Talking To Your Manager About Menopause

It would be good to think that in a modern mixed-gender workplace, you would feel able to mention the ‘M’ word without embarrassment.

But in reality, our work colleagues are not always our friends. Discussing personal issues like menopause in the workplace may not come naturally. Your manager may be male, younger than you or just not very approachable. 

Times are changing. Many managers in large corporations will have had ‘the menopause talk’ at some point during training and have at least some understanding of it.

This should result in you being able to raise the subject and make positive suggestions as to how support can be improved. There may be a policy or guidance in place that gives tips on approaching your manager.

Try to be clear about the outcome you are hoping for. Is it a change of uniform, room temperature or do you need more significant adjustments in working pattern or hours?

If the latter, don’t be surprised if you are referred on after your initial discussion. This can potentially be to HR (human resources) or to occupational health. They will be better placed to help you. Larger companies are gradually working to put in place policies and procedures relating to menopause. Smaller ones may have a way to go.

What if I get nowhere with my manager?

  • You pluck up the courage to speak to your manager and they say, or maybe just imply, that you “just get on as best you can”. This will not solve the problem or help your work. ‘Just getting on’ means continuing to struggle through menopause in the workplace without support and adjustments. You may need to approach another manager to have a fruitful discussion. 
  • Some organisations have a system in place for ‘alternative line manager access’ for when you want to discuss something important without your immediate line manager to being aware. This may be a time to use that.
  • If not, contact the HR or OH department – they will have processes in place to help when there is a barrier in communication between managers and employees, whatever the reason.

If I need sick leave because of menopause, do I have to say this is why I’m off?

  • There is no requirement for you to explicitly disclose menopause as the reason you are off sick. If you take time off sick because of debilitating symptoms, for example, fatigue or anxiety, there is no requirement to be specific on the self-certification forms or GP-issued ‘Fit Notes’.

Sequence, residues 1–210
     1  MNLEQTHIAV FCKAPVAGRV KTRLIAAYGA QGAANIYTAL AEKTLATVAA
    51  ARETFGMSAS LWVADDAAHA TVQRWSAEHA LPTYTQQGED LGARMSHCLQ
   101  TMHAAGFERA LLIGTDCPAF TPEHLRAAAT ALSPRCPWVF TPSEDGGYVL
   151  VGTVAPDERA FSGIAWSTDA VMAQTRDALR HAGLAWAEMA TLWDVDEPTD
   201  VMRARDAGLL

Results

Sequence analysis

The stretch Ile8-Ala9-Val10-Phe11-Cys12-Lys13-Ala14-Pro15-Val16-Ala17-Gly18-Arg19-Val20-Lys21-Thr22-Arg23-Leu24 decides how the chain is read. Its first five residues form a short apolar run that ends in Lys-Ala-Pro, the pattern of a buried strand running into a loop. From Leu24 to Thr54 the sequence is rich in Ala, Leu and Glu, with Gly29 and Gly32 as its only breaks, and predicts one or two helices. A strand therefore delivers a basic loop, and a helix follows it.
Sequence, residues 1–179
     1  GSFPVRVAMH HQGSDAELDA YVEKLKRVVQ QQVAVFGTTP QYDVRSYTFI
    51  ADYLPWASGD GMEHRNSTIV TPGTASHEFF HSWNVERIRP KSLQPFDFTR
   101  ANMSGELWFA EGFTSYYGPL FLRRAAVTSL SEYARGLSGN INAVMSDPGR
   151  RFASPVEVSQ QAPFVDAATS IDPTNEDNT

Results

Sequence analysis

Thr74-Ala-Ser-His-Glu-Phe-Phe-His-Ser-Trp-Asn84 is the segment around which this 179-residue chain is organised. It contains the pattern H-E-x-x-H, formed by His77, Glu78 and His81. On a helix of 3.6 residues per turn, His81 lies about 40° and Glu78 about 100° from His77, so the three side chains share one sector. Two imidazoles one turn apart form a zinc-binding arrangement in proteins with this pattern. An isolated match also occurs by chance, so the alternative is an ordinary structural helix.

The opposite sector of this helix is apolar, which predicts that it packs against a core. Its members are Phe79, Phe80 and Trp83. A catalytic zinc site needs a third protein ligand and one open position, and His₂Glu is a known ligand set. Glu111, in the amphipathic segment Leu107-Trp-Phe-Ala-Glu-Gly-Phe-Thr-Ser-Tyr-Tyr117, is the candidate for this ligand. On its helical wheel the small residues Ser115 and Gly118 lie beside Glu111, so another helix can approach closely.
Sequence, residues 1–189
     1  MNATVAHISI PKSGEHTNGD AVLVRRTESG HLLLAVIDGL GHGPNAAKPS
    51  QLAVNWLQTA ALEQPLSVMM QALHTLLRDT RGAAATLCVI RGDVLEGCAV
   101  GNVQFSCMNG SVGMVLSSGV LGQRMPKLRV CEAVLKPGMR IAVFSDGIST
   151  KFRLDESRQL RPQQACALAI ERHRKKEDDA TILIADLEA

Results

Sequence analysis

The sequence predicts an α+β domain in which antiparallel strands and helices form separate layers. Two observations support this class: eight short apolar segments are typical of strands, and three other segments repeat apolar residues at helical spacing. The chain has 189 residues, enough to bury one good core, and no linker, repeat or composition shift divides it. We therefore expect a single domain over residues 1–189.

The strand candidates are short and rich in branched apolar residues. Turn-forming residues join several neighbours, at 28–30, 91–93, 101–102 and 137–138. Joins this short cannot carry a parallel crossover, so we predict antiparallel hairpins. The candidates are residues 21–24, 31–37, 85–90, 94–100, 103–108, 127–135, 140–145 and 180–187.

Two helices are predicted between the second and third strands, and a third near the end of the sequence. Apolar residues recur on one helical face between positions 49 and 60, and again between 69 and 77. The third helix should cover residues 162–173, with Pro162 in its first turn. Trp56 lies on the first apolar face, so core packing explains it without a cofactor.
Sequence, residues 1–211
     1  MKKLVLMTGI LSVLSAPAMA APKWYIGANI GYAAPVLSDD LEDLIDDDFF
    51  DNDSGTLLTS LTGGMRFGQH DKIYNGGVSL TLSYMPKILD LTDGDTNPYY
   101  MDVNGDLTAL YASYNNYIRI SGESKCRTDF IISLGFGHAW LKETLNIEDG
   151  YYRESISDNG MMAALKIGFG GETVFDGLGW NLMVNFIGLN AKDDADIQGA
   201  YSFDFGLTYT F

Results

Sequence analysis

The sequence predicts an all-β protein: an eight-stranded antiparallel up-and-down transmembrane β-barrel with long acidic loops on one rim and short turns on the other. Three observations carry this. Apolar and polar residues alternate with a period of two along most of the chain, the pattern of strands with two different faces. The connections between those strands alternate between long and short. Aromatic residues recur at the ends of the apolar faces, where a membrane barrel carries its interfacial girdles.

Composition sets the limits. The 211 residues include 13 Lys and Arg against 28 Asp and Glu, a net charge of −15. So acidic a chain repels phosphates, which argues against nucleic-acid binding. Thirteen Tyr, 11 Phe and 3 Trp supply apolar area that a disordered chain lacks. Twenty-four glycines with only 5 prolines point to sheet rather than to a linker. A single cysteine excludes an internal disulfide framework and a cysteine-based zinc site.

• If you take sick leave because you can no longer do the job effectively because of menopause, you may decide that it does need to be disclosed. Small adjustments may be the key to making work life more manageable. 

From a company perspective though, it would be very helpful to know how many women needed time off because of menopausal complaints. If more women reported the actual reason for sick leave, workplaces will realise the effect menopause is having on employees and might find ways to change.

It is only too common for the use of ‘stress’ or ‘women’s problems’ to describe the reason for leave. The reality is, these may be due in your menopausal symptoms. 

 

My symptoms are making it hard for me to do my job properly. What are my rights?

  • Many women will only need to make small adjustments to cope with menopause in the workplace. Very few need more significant changes or even consider giving up working altogether.
  • Before you reach that stage, seek advice from HR or a union representative. In a small company, have an honest discussion with managers or bosses. 
  • What would it take for you to carry on working productively? Your employer has a responsibility under current Health and Safety Legislation and Gender Equality Legislation to ensure that “workplaces are suitable for the individuals who work in them”. Also, that the “health, safety and welfare” of all employees is considered.
  • Organisations cannot just refuse to consider the small changes that might improve your particular work environment. Of course, you may be in one of those few jobs where adjustments would alter the manner of the work or impinge on the safety of others, so that has to be taken into account. 
  • Seek medical help, too. Such a severe effect on your work may indicate the need for medical support. Seeking earlier rather than later could mean the difference between being able to continue with your job or not. 

If you need further advice and support around talking to your manager, or managing your symptoms, speak with your Peppy practitioner.

 

See more expert advice from Kathy Abernethy.

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